In granting summary judgment to defendants, the district court adopted the recommendation of the magistrate judge. The district court concluded (1) legitimate penological interests in maintaining prison security outweighed any due process rights plaintiff may have had in his specific housing assignment; (2) plaintiff failed to make the required showing of cruel and unusual punishment; (3) plaintiff's First Amendment rights were not violated because he was not denied his Constitutional rights, and the restrictions were reasonably related to legitimate penological goals; (4) plaintiff's claim that he was denied equal protection in prison employment was too conclusory to state a claim, and his employment situation was resolved in accordance with prison rules; and (5) because defendants did not deprive plaintiff of any Constitutional rights, they were entitled to qualified immunity.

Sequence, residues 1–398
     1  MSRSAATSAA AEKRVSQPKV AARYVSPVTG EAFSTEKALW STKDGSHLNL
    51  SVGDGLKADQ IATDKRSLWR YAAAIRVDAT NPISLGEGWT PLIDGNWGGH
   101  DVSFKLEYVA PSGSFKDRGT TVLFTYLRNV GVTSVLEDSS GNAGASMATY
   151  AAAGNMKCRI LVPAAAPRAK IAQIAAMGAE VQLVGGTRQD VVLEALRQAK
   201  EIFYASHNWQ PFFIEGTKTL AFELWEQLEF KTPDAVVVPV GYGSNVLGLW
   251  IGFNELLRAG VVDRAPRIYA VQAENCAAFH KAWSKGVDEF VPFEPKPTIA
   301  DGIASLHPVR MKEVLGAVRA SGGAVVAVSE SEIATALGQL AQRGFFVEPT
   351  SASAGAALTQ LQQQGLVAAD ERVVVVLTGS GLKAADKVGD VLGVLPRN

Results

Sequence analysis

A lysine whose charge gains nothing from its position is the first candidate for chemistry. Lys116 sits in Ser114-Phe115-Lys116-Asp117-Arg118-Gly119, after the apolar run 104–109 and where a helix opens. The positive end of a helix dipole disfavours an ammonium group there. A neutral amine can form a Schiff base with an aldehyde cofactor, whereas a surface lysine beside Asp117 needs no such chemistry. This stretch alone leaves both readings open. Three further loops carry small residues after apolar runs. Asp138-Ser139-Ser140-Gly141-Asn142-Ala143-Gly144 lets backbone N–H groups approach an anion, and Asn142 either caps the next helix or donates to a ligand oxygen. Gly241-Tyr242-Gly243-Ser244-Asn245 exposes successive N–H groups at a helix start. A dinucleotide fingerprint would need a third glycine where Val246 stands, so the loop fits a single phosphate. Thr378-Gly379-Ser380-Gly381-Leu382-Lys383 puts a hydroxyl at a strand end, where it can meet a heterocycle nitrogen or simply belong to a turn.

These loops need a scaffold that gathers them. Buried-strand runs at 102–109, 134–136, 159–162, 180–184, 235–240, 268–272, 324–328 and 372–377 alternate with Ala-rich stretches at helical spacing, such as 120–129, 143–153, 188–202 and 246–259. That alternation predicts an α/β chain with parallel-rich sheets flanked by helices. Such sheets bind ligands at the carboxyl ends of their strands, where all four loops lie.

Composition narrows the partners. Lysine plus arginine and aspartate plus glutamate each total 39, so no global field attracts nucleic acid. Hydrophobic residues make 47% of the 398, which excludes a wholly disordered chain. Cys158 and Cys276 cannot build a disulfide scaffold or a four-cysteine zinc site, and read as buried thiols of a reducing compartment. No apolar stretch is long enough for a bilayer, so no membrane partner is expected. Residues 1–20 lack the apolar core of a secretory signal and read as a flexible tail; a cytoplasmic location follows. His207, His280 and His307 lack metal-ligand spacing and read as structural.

Plaintiff has attempted to expand his equal protection claim on appeal by alleging that minorities were assigned a disproportionate number of the lower-paying, menial kitchen jobs, and that plaintiff was denied employment because he is Hispanic. We will not consider on appeal issues or evidence not presented to the district court. Lyons v. Jefferson Bank & Trust, 994 F.2d 716, 720-22 (10th Cir.1993).


We review de novo the district court's grant of summary judgment. Rohrbaugh v. Celotex Corp., No. 93-5277, 1995 WL 257261, at * 1 (10th Cir. May 3, 1995)(to be reported at 53 F.3d 1811). Summary judgment is appropriate where there are no genuinely disputed material facts. Fed.R.Civ.P. 56(c). Summary judgment should be granted against a nonmoving party who cannot adduce probative evidence on a claim for which he bears the burden of proof. Anderson v. Liberty Lobby, Inc., 477 U.S. 242, 247-50 (1986).